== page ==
Clements, R. D., Feenstra, R. K., Jones, K., & Staniforth, R. (2007, November). The Biology of  Invasive Plants in Canada. 9. Impatiens glandulifera Royle. Canadian Journal of Plant   Science. 88, 403-417.

Congyan, W., Hongguang, X., Jun, L., Jiawei, Z., & Daolin, D. (2016). Insights into the Effects of Simulated Nitrogen Deposition on Leaf Functional Traits of Rhus Typhina. Polish Journal Of Environmental Studies, 25(3), 1279-1284. doi:10.15244/pjoes/61788

Cuda, J., Skálová, H., Janovsky, Z., & Pyšek, P. (2015). Competition among native and invasive Impatiens species: the roles of environmental factors, population density and life stage. AoB PLANTS 7, 1-10. doi: 10.109/aobpla/plv033

Farrar, J. L. (1995). Trees in Canada. Ottawa: Fitzhenry & Whiteside Ltd.

Hubert, K. Personal contact. 20/01/2017

Hulme, P. E., & Bremner, E. T. (2006). Assessing the impact of Impatiens glandulifera on riparian habitats: partitioning diversity components following species removal. Journal Of Applied Ecology, 43(1), 43-50. doi:10.1111/j.1365-2664.2005.01102.x

Mosseler, A., Major, J., & Labrecque, M. (2014). Growth and survival of seven native willow species on highly disturbed coal mine sites in eastern Canada. Canadian Journal Of Forest Research, 44(4), 340-349.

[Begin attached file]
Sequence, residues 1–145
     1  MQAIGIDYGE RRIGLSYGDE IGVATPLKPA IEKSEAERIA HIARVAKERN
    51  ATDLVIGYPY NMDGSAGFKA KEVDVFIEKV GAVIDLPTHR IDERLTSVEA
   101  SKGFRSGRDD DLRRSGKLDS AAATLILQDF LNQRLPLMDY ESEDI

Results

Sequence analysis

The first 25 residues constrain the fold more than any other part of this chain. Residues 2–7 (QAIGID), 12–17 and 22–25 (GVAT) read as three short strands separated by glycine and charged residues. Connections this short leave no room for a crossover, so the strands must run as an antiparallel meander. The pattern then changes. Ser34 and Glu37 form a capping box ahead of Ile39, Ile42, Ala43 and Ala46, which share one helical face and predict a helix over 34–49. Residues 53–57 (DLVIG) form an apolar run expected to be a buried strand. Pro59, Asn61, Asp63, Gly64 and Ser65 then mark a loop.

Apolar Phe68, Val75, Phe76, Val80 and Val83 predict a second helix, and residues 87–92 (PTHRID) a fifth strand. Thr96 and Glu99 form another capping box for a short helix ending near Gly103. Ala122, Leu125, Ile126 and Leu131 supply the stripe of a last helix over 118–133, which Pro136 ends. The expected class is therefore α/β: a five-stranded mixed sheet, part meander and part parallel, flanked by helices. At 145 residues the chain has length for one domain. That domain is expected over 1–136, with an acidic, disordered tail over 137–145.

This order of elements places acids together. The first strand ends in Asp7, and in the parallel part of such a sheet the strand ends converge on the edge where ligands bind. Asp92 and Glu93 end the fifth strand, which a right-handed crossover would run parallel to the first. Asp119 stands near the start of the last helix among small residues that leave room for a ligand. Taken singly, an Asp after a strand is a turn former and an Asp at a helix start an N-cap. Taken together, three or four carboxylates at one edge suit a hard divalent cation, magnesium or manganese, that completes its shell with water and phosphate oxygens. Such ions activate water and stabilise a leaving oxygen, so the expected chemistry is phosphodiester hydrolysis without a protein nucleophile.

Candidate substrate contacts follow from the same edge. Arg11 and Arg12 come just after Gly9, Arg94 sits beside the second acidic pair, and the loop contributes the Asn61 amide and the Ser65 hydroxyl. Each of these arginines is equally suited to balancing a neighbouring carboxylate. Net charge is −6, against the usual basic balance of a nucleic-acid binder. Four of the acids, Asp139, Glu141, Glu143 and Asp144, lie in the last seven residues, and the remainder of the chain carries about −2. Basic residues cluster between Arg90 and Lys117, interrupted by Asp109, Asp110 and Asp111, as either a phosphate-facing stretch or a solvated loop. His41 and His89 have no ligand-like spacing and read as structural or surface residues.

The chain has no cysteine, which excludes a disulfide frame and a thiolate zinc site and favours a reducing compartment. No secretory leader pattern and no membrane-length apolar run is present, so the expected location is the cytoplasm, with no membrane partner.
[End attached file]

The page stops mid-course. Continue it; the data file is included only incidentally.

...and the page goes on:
Ortin, Y., & Evans, P. (2013). trans -Tetradec-2-enoic Acid in Impatiens glandulifera. Synthetic Communications, 43(10), 1404. doi:10.1080/00397911.2011.635395

Rotherham, I., D. (2000). Himalayan Balsam- The Human Touch. Institute of Ecology and Environmental Management.

Rusterholz, H., Salamon, J., Ruckli, R., & Baur, B. (2014). Effects of the annual invasive plant Impatiens glandulifera on the Collembola and Acari communities in a deciduous forest. Pedobiologia – International Journal Of Soil Biology, 57285-291. doi:10.1016/j.pedobi.2014.07.001

Tanner, R., Jin, L., Shaw, R., Murphy, S., & Gange, A. (2014). An ecological comparison of Impatiens glandulifera Royle in the native and introduced range. Plant Ecology, 215(8), 833-843. doi:10.1007/s11258-014-0335-x

Treegator. Retrieved from http://www.treegator.com/

Varia, S., Pollard, K., & Carol, E. (2016). IMPLEMENTING A NOVEL WEED MANAGEMENT APPROACH FOR HIMALAYAN BALSAM: PROGRESS ON BIOLOGICAL CONTROL IN THE UK. Outlooks on Pest Management.

Zhanjiang, Z., Chuangdao, J., Jinzheng, Z., Huijin, Z., & Lei, S. (2009). Ecophysiological evaluation of the potential invasiveness of Rhus typhina in its non-native habitats. Tree Physiology, 29(11), 1307-1316. doi:10.1093/treephys/tpp065